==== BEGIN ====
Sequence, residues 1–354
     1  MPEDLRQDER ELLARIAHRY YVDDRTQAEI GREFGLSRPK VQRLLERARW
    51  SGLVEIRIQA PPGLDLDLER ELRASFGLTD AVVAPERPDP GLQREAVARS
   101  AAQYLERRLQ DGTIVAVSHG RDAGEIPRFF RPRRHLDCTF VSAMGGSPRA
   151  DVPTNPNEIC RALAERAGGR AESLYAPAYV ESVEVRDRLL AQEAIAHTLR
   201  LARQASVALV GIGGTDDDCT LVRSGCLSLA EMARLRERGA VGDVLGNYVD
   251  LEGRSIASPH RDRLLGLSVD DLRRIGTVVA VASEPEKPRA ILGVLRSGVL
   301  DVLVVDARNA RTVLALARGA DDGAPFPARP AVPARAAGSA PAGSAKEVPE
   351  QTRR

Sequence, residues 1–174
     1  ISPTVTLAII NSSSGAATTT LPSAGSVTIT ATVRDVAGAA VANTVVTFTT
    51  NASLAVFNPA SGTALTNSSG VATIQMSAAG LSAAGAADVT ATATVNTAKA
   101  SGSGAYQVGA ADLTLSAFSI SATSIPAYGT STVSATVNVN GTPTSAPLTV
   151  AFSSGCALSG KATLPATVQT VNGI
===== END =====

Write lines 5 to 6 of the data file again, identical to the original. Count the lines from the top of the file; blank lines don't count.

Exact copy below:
   151  DVPTNPNEIC RALAERAGGR AESLYAPAYV ESVEVRDRLL AQEAIAHTLR
   201  LARQASVALV GIGGTDDDCT LVRSGCLSLA EMARLRERGA VGDVLGNYVD